Here at nomtek, we’re huge fans of immersive technologies. We also believe that this tech will experience mainstream adoption within two to three years.
And so we explore the possibilities of augmented reality to find out use cases of this tech in different business settings.
Many top companies out there pursue cross-reality solutions to improve their operations. We have Mercedes-Benz, Toyota, Lockheed Martin, Porsche, BMW, and even the US Army eagerly using augmented reality headsets to streamline information sharing.
Augmented reality patches numerous gaps in workflows and can help companies streamline processes.
Recognizing this great potential of AR tech, we decided to showcase AR’s capabilities from a rather unconventional angle.
I love LEGO bricks. I still own all the sets I got as a kid. I’ll never part with them (even if any of the sets I own ends up on the most valued LEGO sets list, like the Wolfpack Tower, currently standing at $4,050).
LEGO is arguably that kind of toy that never gets boring, regardless of the age of the user. There are even special sets designed specifically for adults.
Just look at that beauty:
I mean, a tree house.
But if that doesn’t cut it for you, there’s also the ISS.
Pretty amazing, huh?
And while I also love building LEGO bricks, there were a few construction projects in my life where I wouldn’t have built a thing without a building instruction.
But sometimes even the instruction was difficult to follow, if you can believe it.
I remember having a set with many dark elements — multiple parts had different but very similar shades of gray. Unfortunately, the instructions didn't reflect the colors that well, and I found myself wondering midway into my LEGO structure if I hadn't used the wrong piece in the wrong place, right at the start of the construction.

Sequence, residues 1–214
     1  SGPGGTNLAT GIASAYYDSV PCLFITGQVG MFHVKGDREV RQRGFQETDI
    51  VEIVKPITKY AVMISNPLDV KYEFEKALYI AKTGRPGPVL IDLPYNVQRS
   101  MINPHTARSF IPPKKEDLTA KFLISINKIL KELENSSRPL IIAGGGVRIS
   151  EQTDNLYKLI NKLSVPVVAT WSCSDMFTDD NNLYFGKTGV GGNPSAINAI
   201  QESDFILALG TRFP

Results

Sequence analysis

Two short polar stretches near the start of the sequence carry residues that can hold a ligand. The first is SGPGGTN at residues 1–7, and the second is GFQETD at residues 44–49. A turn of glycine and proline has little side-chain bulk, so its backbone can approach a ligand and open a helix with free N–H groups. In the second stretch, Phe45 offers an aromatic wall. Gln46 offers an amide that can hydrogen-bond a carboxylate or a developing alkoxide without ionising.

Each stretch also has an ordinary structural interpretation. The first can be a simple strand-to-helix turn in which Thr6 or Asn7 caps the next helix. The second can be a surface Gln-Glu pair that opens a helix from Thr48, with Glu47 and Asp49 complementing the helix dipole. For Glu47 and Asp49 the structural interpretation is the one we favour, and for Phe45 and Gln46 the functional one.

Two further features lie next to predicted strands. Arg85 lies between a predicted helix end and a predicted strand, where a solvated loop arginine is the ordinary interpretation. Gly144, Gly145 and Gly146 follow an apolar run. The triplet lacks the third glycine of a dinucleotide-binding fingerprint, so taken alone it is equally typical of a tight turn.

For a person with light OCD, such uncertainty can be disastrous ;)
At least the experience taught me a great deal about patience and delayed gratification.
Delayed gratification aside, why not make building LEGO bricks easier?
And while LEGO instructions available via mobile AR aren’t anything new, our team opted for a more immersive approach via the Magic Leap headset.
To develop an AR-based proof of concept (POC) that could recognize different LEGO pieces and suggest which one to pick next, we used the Magic Leap tools and artificial intelligence.
The Magic Leap engine was responsible for object recognition and eye-tracking. This way, we knew what the user was looking at — in this case, scattered LEGO pieces.
The AI algorithm was responsible for identifying where a specific LEGO piece should go.
While the experience is rather rudimentary — it’s only a POC, after all — it does a good job at showcasing the possibilities of mixed reality in supporting users in precision-demanding tasks.
Why is it important?
Using mixed reality to provide employees with detailed instructions how to perform a task can improve employee onboarding. Proper onboarding has a direct result on employee retention and productivity.
While in the POC we loaded a simple LEGO set into the program, the software can be configured to work with a wide array of projects from a range of sectors.
The benefits of using augmented reality in these industries are tremendous and tangible.
When employees understand how and what to do, their engagement also increases, by up to 53% according to the State of Talent 2017 by SilkRoad. A positive onboarding experience lets employees start meeting goals faster.
Augmented reality can also be used to build great consumer onboarding experiences. For example, to help customers assemble complex furniture pieces… and save them plenty of frustration ;)
Augmented reality can be applied in numerous contexts, regardless of industries. For example, to provide employees with step-by-step instructions in precision-demanding tasks or complex multi-step processes such as quality assurance.
But the use cases for augmented reality in onboarding are endless and can benefit employees and consumers alike.